As a Tribal Historic Preservation Officer for White Earth Nation, Jaime Arsenault has been doing repatriation work for nearly two decades. On Wednesday, she presided over a ceremony at the Peabody Museum of Archeology and Ethnology that returned two sacred scrolls and a pipe tomahawk to White Earth, which is an Anishinaabe nation (and its ancestors are part of Anishinaabe spiritual and community life). Arsenault described the process as long, but transformative.
“In the end, I think everyone involved is a little better off. You watch people change for the better, myself included,” she said.
The private morning ceremony took place in the Bowditch Room at the Peabody. A gift of wild rice was also given to museum staff. Birchbark scrolls, used in the performance of sacred rites, arrived at the Peabody through two museum exchanges in the early and mid-20th century, respectively, and were returned under the Native American Graves Protection and Repatriation Act (NAGPRA). The museum does not know how it came to purchase the wooden-handled tomahawk with ribbon fringe, which is not the responsibility of NAGPRA but was approved for disposal by the University in January 2021.
“It’s good to bring these parents home,” Arsenault said, after signing the transfer documents. “As we near the end of this particular repatriation, in many ways this is just the beginning of our collaborative relationship. We can accomplish a lot together, and I am pleased to support the Peabody Museum of Archeology and Ethnology in its efforts as the institution moves forward with respect to future repatriations, collaborations and restitutions with a multitude of communities.
Each repatriation is unique, and this one took several years, delayed in part by the pandemic.
Professor Philip Deloria, who chairs Harvard’s NAGPRA advisory board, helped with the repatriation and took part in the ceremony.
“It’s a joyous time,” said the first tenured Native American history professor. “It’s been a long and good collaboration, and we’ve found ways to help each other. When we do these things, it reflects the care of the objects, that these objects return to where they are supposed to be. It is an accuracy, a rebalancing.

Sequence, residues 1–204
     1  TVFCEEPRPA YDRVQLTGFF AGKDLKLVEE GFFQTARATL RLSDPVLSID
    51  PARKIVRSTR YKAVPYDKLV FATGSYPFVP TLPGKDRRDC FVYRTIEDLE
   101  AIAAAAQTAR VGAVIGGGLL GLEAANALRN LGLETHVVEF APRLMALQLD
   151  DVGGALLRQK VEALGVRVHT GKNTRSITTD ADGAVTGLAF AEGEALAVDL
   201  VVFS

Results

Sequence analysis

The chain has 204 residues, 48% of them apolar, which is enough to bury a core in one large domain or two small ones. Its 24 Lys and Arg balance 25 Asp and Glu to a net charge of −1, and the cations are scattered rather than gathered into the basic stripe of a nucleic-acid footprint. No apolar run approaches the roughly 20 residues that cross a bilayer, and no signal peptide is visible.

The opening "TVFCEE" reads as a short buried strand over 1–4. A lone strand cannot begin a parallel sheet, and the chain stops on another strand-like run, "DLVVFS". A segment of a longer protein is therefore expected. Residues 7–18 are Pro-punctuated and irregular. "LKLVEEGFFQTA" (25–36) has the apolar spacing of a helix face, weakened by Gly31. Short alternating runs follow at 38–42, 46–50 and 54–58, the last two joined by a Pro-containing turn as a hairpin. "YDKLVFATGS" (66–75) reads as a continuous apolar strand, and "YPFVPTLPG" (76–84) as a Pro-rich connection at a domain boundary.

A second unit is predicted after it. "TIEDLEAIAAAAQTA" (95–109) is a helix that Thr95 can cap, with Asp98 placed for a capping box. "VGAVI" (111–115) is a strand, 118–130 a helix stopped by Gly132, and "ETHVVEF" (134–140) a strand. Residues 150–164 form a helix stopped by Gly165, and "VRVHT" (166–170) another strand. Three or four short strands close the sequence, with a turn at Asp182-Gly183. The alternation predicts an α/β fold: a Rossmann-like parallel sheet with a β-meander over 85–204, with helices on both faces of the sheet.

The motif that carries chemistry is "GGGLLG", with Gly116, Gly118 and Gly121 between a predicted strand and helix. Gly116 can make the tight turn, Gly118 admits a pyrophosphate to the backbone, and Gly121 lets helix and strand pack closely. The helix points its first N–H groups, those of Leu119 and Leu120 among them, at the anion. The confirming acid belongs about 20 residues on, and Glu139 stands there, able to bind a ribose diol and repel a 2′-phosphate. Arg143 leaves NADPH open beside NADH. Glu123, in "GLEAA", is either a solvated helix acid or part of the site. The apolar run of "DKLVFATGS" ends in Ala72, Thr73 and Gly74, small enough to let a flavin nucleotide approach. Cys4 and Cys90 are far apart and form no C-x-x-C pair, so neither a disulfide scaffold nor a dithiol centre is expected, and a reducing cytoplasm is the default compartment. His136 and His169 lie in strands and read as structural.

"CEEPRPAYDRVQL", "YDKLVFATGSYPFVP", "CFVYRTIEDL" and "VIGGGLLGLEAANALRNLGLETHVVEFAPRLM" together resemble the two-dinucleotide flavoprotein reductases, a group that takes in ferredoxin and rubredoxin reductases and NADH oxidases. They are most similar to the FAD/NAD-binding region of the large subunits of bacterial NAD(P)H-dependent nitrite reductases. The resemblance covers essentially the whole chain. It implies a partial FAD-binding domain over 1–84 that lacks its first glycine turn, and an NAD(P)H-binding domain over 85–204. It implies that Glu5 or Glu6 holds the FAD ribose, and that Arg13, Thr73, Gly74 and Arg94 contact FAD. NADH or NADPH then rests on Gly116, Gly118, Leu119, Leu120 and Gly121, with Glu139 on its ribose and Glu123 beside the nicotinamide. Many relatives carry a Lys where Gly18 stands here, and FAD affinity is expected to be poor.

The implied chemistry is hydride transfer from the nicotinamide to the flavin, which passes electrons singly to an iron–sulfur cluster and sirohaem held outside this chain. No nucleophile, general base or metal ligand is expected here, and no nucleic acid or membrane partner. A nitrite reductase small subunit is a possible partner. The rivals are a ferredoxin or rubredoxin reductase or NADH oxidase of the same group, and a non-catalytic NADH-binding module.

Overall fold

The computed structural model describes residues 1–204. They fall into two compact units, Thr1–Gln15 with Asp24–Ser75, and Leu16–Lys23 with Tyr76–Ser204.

Art and architectural history professor Shawon Kinew was unable to attend the ceremony, but spoke about the repatriation as a member of the Peabody faculty executive committee, a member of the Ojibwa First Nation of ‘Onigaming, Anishinaabe (Ojibwe) and as someone brought up in the ceremonies to which scrolls and pipe were returned. She explained that many sacred objects were taken from their rightful custodians during the same period of history in which indigenous children were removed from their communities and sent to boarding schools.
“For me, the child of a residential school survivor in Canada, my father Tobasonakwutiban, a pipe-bearer and high-ranking member of the Mite’iwin, the repatriation of sacred scrolls and a grandfather’s pipe is powerful. . I grew up in these ceremonies. I cannot turn back time and protect my late father from the abuse he suffered as a child at the hands of the church and declare or comfort him during the nights he spent alone without his parents. This repatriation reminds me that we, this current generation, can take care of the family that came before us, our ancestors. I think of it this way: through the return of ancestors like those who return home to the White Earth, we become parents and protectors of those from whom we descend – grandfather’s pipe, the scrolls – and we we went back. We always belonged to them, and now it’s restored,” she said.
Jane Pickering, director of William and Muriel Seabury Howells of the Peabody, called the repatriation “powerful”. “These are uplifting times for us at the museum, and I felt honored to be a part of them. We hope this is a beginning rather than an end, and an opportunity to build partnerships as the museum faces to its history and what it means to be ethical stewards of the collections in our care.
Arsenault and Patricia Capone, director and curator of Peabody NAGPRA, are working on a research paper on repatriation. It will examine the process of the dialogue around the return, how Indigenous knowledge drove the outcome, and how the return supports tribal sovereignty and well-being, with plans for publication in the fall.
“It was never right for the ancestors to live at the Peabody, where they were not visited, smudged or feasted on, in any way they should be cared for. So, in that sense, “we” as a community at Harvard have failed in our responsibility to care for “our museum collections.” We were also not doing the right thing for our indigenous students, who should feel they belong here, and cannot when their cultural heritage and the human remains of their ancestors are treated as objects of study like they continue to be,” Kinew said. “Through repatriation and building relationships with Indigenous Nations, we at Harvard are asking scholars to be better scholars, to do better work, to work with Indigenous Nations, to ask new questions and more interesting.”